Since my signature shows only my two recent lab results, humor me as I post my original numbers compared to my latest numbers:

Lipids panel:
5/20/2009 | 3/9/2010
Chol: 209 ---- 141
HDL: 38 ------ 51
LDL: 127 ----- 67
Trigl: 184 ---- 117

The low dose of statin and the low carb way of eating is not "covering my butt"; it is absolutely lowering my LDL/trigs and raising my HDL.
 

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Discussion Starter #6 (Edited)
Shanny

For more than twenty years my total lipids ran 209/210 and my doc & I did nothing about it, since I was healthy despite being overweight. When my blood sugar began to creep up & the T2 diagnosis was confirmed, my doc & I decided that a low dose of a statin would be a practical preventative, and it is.

My doc is a very sensible man who has become my friend over the years of our professional relationship. He is my credible authority; I trust him to listen to me and consider my methods, even though he thinks I eat too low carb & test too much. He doesn't quibble with my results and he doesn't hassle me. He knows I'm not a fool, and that I don't suffer fools gladly.

Since my signature shows only my two recent lab results, humor me as I post my original numbers compared to my latest numbers:

Lipids panel:
5/20/2009 | 3/9/2010
Chol: 209 ---- 141
HDL: 38 ------ 51
LDL: 127 ----- 67
Trigl: 184 ---- 117

The low dose of statin and the low carb way of eating is not "covering my butt"; it is absolutely lowering my LDL/trigs and raising my HDL.
========

i was referring to limiting the damage caused by the "statin" itself

Statin side effects: Weigh the benefits and risks - MayoClinic.com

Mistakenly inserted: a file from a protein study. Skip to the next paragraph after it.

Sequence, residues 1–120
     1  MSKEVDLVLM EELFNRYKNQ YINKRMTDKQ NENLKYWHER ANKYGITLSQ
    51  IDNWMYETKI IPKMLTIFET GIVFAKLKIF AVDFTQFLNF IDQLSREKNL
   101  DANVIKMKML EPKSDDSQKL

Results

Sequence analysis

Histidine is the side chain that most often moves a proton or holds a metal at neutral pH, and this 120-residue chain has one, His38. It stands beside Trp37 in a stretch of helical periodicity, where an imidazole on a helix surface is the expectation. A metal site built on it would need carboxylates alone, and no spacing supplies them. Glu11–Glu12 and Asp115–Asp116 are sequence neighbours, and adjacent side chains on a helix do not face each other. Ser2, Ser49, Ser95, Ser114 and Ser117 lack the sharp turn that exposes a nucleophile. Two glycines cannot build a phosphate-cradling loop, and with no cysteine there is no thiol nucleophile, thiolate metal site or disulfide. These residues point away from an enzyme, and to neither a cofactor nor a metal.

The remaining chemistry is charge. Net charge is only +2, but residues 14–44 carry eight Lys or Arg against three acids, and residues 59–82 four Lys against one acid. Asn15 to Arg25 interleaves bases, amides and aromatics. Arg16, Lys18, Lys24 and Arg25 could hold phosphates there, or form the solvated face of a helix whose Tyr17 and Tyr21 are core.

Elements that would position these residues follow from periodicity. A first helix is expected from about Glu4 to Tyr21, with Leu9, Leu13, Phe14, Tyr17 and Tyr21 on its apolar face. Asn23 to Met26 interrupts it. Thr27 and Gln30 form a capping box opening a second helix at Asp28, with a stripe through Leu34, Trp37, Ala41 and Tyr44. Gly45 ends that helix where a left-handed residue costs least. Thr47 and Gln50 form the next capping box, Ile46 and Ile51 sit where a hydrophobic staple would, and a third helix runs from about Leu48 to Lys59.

and a possible remedy ::

http://heartscanblog.blogspot.com/2007/09/statin-drugs-and-coenzyme-q10.html
 

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I'm quite aware of what you were referring to, Jim. What I'm referring to is the decision made by me and my doctor. As I said before, I'm not a fool - I don't mindlessly do what I'm told. I recognize the tradeoffs with some of these drugs. Because my mother died of coronary artery disease, it makes sense to me to lower my lipids. I made it 65 years without manifesting any symptoms of heart disease, but what's the point in pushing the envelope when diabetes adds another risk factor?

You make the decisions to eat supplements instead of being tested . . . I consult with a professional I've trusted for many years, and decide that it's time I got my lipids reined in.

And incidentally, I've had no side effects or damage from my statin use. The dose I take is low and perhaps that's the key - don't get carried away with it.

As for your suggestion to consider more supplements: I'm already taking some, and again, I'm quite aware of others. I will decide what and when.

I hope as you continue with us on this forum, you begin to realize that we are not idiots. We are intelligent, educated & experienced diabetics who know about our own conditions and maintain pretty tight control. How about you telling us what your numbers have been like lately?
 

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Discussion Starter #8 (Edited)
James Snake Oil Diet:

removed so as not to disturb the powers that be

3.3 Contributions must not:

3.3.1 contain any material which is or could be defamatory in any way;
 

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What a shame you removed it Jim, there was some good information there. I hope you aren't so busy being an outlaw that you don't recognize you may have accord here. You seem well-versed on supplements and we have no problem with that - many of us use various supplements & I'm about to start a new one that has worked well for Pam. We use supplements along with the medical treatments that we've found to be successful in controlling our disorder - we do not deliberately substitute supplements for medical treatment because of our political opinions of the medical community or the ADA.